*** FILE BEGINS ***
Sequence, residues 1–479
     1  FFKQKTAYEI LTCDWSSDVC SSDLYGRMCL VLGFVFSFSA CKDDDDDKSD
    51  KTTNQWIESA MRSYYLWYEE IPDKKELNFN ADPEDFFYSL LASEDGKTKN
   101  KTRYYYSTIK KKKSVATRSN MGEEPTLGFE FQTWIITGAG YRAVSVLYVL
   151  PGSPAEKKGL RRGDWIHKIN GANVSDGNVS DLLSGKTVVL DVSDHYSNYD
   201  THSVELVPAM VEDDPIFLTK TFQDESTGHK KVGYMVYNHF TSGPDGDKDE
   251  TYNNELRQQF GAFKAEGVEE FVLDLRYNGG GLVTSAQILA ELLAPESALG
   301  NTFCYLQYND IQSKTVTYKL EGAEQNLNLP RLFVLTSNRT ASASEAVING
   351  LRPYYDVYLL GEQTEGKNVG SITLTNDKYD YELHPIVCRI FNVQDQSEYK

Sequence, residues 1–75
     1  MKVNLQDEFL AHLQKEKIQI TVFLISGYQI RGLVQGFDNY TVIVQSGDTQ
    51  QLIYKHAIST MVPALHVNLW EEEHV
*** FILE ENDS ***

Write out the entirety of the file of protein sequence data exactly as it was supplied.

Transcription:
Sequence, residues 1–479
     1  FFKQKTAYEI LTCDWSSDVC SSDLYGRMCL VLGFVFSFSA CKDDDDDKSD
    51  KTTNQWIESA MRSYYLWYEE IPDKKELNFN ADPEDFFYSL LASEDGKTKN
   101  KTRYYYSTIK KKKSVATRSN MGEEPTLGFE FQTWIITGAG YRAVSVLYVL
   151  PGSPAEKKGL RRGDWIHKIN GANVSDGNVS DLLSGKTVVL DVSDHYSNYD
   201  THSVELVPAM VEDDPIFLTK TFQDESTGHK KVGYMVYNHF TSGPDGDKDE
   251  TYNNELRQQF GAFKAEGVEE FVLDLRYNGG GLVTSAQILA ELLAPESALG
   301  NTFCYLQYND IQSKTVTYKL EGAEQNLNLP RLFVLTSNRT ASASEAVING
   351  LRPYYDVYLL GEQTEGKNVG SITLTNDKYD YELHPIVCRI FNVQDQSEYK

Sequence, residues 1–75
     1  MKVNLQDEFL AHLQKEKIQI TVFLISGYQI RGLVQGFDNY TVIVQSGDTQ
    51  QLIYKHAIST MVPALHVNLW EEEHV